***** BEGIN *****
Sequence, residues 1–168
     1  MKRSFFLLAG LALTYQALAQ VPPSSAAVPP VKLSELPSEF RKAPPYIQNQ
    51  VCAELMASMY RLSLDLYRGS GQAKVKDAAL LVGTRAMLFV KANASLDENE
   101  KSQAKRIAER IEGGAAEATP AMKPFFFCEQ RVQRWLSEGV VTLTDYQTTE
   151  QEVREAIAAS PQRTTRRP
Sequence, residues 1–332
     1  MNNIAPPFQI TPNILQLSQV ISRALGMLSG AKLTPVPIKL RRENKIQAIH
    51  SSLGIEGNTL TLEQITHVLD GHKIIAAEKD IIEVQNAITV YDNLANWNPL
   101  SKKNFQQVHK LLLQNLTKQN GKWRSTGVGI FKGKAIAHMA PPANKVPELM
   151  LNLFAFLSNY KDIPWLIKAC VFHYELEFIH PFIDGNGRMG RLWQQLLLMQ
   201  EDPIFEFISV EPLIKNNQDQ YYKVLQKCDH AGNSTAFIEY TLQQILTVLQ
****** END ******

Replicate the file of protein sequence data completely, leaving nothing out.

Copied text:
Sequence, residues 1–168
     1  MKRSFFLLAG LALTYQALAQ VPPSSAAVPP VKLSELPSEF RKAPPYIQNQ
    51  VCAELMASMY RLSLDLYRGS GQAKVKDAAL LVGTRAMLFV KANASLDENE
   101  KSQAKRIAER IEGGAAEATP AMKPFFFCEQ RVQRWLSEGV VTLTDYQTTE
   151  QEVREAIAAS PQRTTRRP
Sequence, residues 1–332
     1  MNNIAPPFQI TPNILQLSQV ISRALGMLSG AKLTPVPIKL RRENKIQAIH
    51  SSLGIEGNTL TLEQITHVLD GHKIIAAEKD IIEVQNAITV YDNLANWNPL
   101  SKKNFQQVHK LLLQNLTKQN GKWRSTGVGI FKGKAIAHMA PPANKVPELM
   151  LNLFAFLSNY KDIPWLIKAC VFHYELEFIH PFIDGNGRMG RLWQQLLLMQ
   201  EDPIFEFISV EPLIKNNQDQ YYKVLQKCDH AGNSTAFIEY TLQQILTVLQ